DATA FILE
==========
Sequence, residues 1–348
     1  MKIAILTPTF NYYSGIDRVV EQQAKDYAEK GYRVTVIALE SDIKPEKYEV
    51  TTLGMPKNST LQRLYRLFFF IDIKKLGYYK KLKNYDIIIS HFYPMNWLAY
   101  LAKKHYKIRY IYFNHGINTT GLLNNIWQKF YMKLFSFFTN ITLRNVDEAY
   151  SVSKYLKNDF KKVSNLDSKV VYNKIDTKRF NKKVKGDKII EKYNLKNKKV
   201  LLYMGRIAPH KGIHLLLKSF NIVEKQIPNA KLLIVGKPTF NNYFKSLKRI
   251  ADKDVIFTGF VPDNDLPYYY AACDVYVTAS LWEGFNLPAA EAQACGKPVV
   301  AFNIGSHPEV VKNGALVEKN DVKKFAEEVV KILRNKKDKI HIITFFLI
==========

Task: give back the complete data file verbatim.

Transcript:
Sequence, residues 1–348
     1  MKIAILTPTF NYYSGIDRVV EQQAKDYAEK GYRVTVIALE SDIKPEKYEV
    51  TTLGMPKNST LQRLYRLFFF IDIKKLGYYK KLKNYDIIIS HFYPMNWLAY
   101  LAKKHYKIRY IYFNHGINTT GLLNNIWQKF YMKLFSFFTN ITLRNVDEAY
   151  SVSKYLKNDF KKVSNLDSKV VYNKIDTKRF NKKVKGDKII EKYNLKNKKV
   201  LLYMGRIAPH KGIHLLLKSF NIVEKQIPNA KLLIVGKPTF NNYFKSLKRI
   251  ADKDVIFTGF VPDNDLPYYY AACDVYVTAS LWEGFNLPAA EAQACGKPVV
   301  AFNIGSHPEV VKNGALVEKN DVKKFAEEVV KILRNKKDKI HIITFFLI